United States District Court, E.D. Michigan, Southern Division
ORDER GRANTING PETITIONER'S MOTION FOR
RECONSIDERATION, REOPENING THE CASE, AND DISMISSING THE
J. TARNOW, UNITED STATES DISTRICT JUDGE
matter is before the Court on Petitioner's motion for
reconsideration concerning the Court's dismissal of his
habeas petition challenging his federal sentencing
enhancement which was brought pursuant to 28 U.S.C. §
2241. The Court dismissed the petition because Petitioner
failed to show that his remedy under 28 U.S.C. § 2255
was inadequate or ineffective and because he stated that he
had a (second) § 2255 motion with a motion for relief
from judgment under Federal Rule of Civil Procedure 60(b)
pending in the United States District Court for the Eastern
District of Missouri. Petitioner now seeks reconsideration
stating that he does not have any pending motions in that
court. Upon further review, the Court finds that the Eastern
District of Missouri has resolved Petitioner's motion.
See Wilson v. United States of America, No.
4:13-CV-02164-AGF (E.D. Mo. Aug. 17, 2017). Accordingly, the
Court GRANTS Petitioner's motion for
reconsideration and REOPENS this case for
further review. Upon such further review, and for the reasons
that follow, the Court finds that Petitioner's case is
still subject to dismissal.
Facts and Procedural History
was convicted of four counts of deprivation of rights, 18
U.S.C. § 242, and two counts of making false statements,
18 U.S.C. § 1001, following a jury trial in the United
States District Court for the Eastern District of Missouri.
He was sentenced to concurrent terms of 120 months
imprisonment on each of the § 242 counts and to
concurrent terms of 60 months imprisonment on each of the
§ 1001 counts. In imposing sentence, the court applied a
two-level enhancement for physical restraint under U.S.S.G.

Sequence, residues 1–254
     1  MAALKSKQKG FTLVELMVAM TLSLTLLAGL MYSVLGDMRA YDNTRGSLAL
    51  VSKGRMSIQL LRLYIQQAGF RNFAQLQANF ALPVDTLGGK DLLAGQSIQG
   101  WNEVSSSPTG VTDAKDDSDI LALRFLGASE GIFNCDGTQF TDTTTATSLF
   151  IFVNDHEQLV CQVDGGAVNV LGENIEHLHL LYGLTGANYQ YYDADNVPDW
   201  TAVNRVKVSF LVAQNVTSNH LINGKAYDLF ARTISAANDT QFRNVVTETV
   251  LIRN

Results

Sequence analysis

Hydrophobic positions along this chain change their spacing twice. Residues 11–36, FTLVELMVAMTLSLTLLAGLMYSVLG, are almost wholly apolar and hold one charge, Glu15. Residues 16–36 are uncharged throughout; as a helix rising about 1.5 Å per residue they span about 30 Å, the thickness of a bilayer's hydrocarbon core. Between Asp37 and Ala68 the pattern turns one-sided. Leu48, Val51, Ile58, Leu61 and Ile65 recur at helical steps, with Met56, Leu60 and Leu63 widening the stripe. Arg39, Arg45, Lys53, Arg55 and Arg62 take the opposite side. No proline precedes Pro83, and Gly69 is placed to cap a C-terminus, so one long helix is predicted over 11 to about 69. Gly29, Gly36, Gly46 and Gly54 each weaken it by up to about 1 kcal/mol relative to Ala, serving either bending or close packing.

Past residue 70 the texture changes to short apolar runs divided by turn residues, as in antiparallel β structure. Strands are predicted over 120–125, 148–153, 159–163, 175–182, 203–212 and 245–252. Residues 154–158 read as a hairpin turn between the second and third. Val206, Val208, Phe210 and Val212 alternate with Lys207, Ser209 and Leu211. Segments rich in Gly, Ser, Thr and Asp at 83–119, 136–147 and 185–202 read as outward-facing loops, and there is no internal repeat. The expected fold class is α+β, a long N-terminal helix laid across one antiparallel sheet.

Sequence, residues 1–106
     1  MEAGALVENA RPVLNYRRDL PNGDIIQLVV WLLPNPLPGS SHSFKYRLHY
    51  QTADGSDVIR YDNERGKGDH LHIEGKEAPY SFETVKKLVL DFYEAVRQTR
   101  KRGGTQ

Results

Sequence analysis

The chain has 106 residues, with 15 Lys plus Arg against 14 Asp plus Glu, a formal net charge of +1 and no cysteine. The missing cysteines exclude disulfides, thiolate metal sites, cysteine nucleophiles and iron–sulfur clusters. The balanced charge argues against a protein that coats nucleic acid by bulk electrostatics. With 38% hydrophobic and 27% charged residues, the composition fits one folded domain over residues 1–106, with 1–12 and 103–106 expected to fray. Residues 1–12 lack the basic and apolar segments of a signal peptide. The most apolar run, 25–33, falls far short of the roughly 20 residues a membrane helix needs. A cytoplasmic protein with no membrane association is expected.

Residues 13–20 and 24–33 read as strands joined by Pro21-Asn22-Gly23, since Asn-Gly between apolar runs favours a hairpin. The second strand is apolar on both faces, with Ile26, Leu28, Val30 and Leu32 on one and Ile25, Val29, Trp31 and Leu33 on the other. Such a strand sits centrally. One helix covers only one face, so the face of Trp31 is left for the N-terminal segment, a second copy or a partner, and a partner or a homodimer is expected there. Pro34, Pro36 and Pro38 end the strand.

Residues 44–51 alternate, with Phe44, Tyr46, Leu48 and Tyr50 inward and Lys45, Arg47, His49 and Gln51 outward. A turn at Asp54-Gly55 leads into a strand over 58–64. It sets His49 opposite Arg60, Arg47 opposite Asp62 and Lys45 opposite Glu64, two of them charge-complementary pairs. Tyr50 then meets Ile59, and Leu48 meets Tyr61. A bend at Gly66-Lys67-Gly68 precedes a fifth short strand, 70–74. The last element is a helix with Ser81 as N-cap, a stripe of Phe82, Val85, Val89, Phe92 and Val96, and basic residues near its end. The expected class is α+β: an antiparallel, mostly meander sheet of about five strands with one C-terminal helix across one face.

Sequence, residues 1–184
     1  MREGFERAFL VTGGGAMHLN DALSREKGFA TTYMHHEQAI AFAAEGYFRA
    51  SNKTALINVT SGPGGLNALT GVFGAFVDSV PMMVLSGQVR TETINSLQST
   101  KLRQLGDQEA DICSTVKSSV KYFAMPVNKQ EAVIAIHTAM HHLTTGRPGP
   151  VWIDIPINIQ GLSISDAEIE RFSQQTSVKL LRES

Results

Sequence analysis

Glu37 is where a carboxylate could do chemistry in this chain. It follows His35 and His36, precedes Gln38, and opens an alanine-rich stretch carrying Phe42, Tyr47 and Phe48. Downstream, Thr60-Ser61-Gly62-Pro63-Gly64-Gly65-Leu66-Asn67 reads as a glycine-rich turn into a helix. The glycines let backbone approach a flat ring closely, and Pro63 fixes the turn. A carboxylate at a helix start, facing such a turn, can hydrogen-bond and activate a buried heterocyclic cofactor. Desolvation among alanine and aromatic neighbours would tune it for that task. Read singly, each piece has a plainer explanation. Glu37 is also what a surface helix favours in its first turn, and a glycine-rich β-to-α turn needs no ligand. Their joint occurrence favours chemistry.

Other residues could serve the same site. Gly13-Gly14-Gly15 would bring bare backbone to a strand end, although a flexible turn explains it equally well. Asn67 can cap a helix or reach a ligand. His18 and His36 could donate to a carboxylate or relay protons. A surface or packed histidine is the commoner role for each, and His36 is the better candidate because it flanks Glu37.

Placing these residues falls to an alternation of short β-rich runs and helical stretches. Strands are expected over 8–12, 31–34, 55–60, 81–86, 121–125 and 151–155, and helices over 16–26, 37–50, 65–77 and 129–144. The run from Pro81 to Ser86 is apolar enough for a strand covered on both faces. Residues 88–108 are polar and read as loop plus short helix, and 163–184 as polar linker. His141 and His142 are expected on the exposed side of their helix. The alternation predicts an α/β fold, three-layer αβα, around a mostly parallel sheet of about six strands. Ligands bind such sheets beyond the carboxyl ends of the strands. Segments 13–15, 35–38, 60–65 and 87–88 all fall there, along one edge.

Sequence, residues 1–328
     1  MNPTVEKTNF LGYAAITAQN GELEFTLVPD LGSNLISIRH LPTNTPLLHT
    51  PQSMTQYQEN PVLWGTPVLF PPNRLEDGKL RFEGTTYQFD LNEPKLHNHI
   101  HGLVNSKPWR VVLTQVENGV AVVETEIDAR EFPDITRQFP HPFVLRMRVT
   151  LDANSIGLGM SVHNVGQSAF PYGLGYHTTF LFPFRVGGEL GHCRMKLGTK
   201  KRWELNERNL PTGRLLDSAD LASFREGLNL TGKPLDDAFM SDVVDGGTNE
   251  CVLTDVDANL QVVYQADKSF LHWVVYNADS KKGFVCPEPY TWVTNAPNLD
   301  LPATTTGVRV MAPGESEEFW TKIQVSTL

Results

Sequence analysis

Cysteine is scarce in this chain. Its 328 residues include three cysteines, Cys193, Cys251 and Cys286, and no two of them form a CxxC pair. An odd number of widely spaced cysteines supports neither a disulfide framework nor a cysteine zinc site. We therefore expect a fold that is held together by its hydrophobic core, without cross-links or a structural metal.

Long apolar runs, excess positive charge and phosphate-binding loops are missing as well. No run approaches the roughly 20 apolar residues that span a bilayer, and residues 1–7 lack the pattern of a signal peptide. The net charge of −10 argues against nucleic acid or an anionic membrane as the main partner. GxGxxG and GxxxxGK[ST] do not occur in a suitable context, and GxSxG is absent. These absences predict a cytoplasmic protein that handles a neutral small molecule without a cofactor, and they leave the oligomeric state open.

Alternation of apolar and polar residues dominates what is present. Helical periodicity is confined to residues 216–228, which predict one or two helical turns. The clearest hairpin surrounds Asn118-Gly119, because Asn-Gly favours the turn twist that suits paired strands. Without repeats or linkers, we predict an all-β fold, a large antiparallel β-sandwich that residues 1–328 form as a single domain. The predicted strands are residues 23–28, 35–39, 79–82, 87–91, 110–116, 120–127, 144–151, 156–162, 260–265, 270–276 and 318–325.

§ 3A1.3 and a five-level enhancement for aggravated
assault resulting in serious bodily injury under U.S.S.G.
§ 2A2.2. See United States v. Wilson, 686 F.3d
868, 869-71 (8th Cir. 2012). Petitioner filed an appeal
challenging his sentencing enhancements in the United States
Court of Appeals for the Eighth Circuit, which affirmed his
sentences. Id. at 871-74. The United States Supreme
Court denied certiorari. Wilson v. United States,
568 U.S. 1103 (2013).
then filed a motion to vacate sentence pursuant to 28 U.S.C.
§ 2255 with the Eastern District of Missouri raising
eight ineffective assistance of counsel claims, which was
denied. United States v. Wilson, No.
4:13-CV-02164-AGF, 2015 WL 3416931 (E.D. Mo. May 26, 2015).
The Eighth Circuit denied a certificate of appealability.
Wilson v. United States, No. 15-2952 (8th Cir. Feb.
1, 2016). The Supreme Court denied certiorari. Wilson v.
United States, U.S., 137 S.Ct. 232 (2016).
August, 2017, Petitioner filed a motion to vacate sentence
under 28 U.S.C. § 2255 and for relief from judgment
under Federal Rule of Civil Procedure 60(b) with the Eastern
District of Missouri challenging his sentencing enhancement
based upon the Eighth Circuit's decision in United
States v. Fields, 863 F.3d 1012 (8th Cir. July 20, 2017)
(ruling that prior Missouri conviction for second-degree
assault was not a “crime of violence” under the
federal sentencing guideline providing for an increased base
offense level). The court ruled that the motion was a
successive motion to vacate sentence under § 2255 and
dismissed the motion for lack of jurisdiction because
Petitioner had not obtained appellate authorization to filed
a second motion. Wilson v. United States of America,
No. 4:13-CV-02164-AGF, *1-2 (E.D. Mo. Aug. 17, 2017).
thereafter filed his § 2241 federal habeas petition with